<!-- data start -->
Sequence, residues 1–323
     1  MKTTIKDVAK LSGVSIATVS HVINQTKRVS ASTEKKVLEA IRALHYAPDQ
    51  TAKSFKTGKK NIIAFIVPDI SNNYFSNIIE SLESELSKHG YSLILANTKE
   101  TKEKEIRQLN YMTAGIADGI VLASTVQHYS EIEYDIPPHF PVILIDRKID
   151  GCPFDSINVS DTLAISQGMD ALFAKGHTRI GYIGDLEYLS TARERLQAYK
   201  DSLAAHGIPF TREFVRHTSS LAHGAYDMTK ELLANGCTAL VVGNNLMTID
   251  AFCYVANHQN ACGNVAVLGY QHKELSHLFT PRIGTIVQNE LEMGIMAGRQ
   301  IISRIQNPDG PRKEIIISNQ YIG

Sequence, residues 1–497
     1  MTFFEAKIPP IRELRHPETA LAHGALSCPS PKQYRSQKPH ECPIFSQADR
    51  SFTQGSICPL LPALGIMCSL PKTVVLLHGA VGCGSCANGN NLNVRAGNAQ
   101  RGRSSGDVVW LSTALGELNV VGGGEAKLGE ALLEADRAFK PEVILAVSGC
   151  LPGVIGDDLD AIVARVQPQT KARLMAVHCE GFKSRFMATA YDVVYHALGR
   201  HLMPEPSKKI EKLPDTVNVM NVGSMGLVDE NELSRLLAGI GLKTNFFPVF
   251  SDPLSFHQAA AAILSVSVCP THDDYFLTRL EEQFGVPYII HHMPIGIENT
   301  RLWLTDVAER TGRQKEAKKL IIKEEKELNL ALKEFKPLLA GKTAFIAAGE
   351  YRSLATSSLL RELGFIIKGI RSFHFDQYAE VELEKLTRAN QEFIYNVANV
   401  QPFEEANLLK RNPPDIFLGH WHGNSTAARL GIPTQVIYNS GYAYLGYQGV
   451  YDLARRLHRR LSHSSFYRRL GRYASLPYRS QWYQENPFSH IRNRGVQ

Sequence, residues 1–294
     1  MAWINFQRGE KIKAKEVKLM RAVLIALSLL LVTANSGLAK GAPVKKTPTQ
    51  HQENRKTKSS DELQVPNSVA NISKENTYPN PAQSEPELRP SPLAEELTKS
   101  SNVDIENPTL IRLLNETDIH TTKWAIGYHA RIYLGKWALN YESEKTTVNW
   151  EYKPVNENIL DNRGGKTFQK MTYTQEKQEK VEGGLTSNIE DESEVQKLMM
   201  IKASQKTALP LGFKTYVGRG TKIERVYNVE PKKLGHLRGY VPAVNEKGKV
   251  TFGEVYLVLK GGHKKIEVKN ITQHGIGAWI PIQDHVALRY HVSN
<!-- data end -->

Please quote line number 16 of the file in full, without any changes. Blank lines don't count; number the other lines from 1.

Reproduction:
   301  RLWLTDVAER TGRQKEAKKL IIKEEKELNL ALKEFKPLLA GKTAFIAAGE